Wednesday, March 30, 2005

First Circuit Standard for Booker Remand on Downward Departure

The First Circuit's opinion in United States v. Heldeman (No. 04-1915) (circuit website here) adopts a low threshold for the Court of Appeals to remand for resentencing when the defendant claims the district court might have granted a downward departure but for the mandatory nature of the Sentencing Guidelines.  Dr. Marvin Heldeman was convicted of conspiracy, health care fraud, and drug distribution for writing prescriptions for steroids and Oxycodone for patients he had never seen; his business card listed him as "Dr. Marvin, The Bodybuilder's Friend" -- no hiding the ball there.  Heldeman sought a downward departure on a number of grounds, including his advanced age (72), medical problems, and that his unlawful activities were an exception to an otherwise legal medical practice (no mention here of the business card).  The district judge found these to be "legitimate" and "somewhat mitigating" but denied the departure because they were discouraged factors and insufficient to take him outside the "heartland" of the Guidelines.  In remanding for resentencing, the First Circuit addressed the threshold showing to send the case back to the district court for reconsideration of a downward departure:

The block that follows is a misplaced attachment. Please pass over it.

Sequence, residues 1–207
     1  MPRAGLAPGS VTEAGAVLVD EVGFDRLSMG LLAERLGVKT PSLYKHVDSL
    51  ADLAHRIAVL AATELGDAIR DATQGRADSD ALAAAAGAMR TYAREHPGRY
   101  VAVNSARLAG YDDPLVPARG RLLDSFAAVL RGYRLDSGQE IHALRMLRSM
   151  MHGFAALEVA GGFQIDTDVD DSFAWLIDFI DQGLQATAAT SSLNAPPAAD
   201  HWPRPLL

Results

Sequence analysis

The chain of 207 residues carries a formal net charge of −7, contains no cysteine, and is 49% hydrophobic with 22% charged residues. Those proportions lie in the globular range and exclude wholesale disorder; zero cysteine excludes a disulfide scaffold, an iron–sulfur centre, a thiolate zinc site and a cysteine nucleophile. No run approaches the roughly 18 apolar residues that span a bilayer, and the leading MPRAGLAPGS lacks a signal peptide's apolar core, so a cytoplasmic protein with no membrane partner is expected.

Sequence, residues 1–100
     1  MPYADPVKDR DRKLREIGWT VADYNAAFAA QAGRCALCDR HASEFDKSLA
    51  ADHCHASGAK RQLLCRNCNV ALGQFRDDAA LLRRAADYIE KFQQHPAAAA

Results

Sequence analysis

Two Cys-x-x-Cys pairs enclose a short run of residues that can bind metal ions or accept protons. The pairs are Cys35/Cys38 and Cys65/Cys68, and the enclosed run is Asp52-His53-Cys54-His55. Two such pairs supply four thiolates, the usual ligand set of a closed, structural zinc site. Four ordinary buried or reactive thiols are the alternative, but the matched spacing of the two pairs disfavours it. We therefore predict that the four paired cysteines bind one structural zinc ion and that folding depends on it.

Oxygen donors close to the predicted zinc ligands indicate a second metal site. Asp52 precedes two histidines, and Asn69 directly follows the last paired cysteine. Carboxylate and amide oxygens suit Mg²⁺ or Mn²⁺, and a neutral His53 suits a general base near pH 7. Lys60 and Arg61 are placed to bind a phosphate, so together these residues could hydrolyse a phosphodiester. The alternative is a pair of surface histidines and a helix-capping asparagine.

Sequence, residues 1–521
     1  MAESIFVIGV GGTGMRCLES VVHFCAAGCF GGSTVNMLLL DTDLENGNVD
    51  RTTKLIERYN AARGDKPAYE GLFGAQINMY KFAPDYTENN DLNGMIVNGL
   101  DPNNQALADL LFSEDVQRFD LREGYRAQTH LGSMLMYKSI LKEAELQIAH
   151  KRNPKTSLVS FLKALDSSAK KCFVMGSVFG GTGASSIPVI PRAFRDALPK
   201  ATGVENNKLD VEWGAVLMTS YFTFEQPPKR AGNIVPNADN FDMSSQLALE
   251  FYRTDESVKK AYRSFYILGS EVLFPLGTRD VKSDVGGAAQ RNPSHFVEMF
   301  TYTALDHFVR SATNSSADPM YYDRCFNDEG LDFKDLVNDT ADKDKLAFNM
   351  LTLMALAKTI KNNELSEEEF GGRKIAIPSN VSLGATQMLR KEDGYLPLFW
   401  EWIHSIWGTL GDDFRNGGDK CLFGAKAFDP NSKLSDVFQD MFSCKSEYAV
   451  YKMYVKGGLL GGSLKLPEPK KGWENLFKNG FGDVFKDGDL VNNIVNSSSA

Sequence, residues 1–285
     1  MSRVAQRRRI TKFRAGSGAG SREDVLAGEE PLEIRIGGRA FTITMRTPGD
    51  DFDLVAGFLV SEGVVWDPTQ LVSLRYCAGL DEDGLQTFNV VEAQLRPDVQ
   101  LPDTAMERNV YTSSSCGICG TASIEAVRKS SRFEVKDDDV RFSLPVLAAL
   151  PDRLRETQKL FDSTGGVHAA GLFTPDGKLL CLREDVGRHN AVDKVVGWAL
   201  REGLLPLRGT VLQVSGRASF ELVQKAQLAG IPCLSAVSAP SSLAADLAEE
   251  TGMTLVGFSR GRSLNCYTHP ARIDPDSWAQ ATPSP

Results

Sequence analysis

[W]e are inclined not to be overly demanding as to proof of probability where, either in the existing record or by plausible proffer, there is reasonable indication that the district judge might well have reached a different result under advisory guidelines. After all, it will be easy enough for the district judge on remand to say no with a minimum expenditure of effort if the sentence imposed under the pre-Booker guidelines regime is also the one that the judge would have imposed under the more relaxed post-Booker framework.

Does a "plausible proffer" mean that a decent argument that the district court might have granted a downward departure is sufficient, even without any reference by the district court about its inclination to grant a departure?  If so, then the issue for appellate counsel is really one of presenting the grounds for a possible departure and persuading the Court of Appeals that it is a case that is at least strong enough to get another chance. (ph)

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Tracked on Mar 30, 2005 4:32:57 AM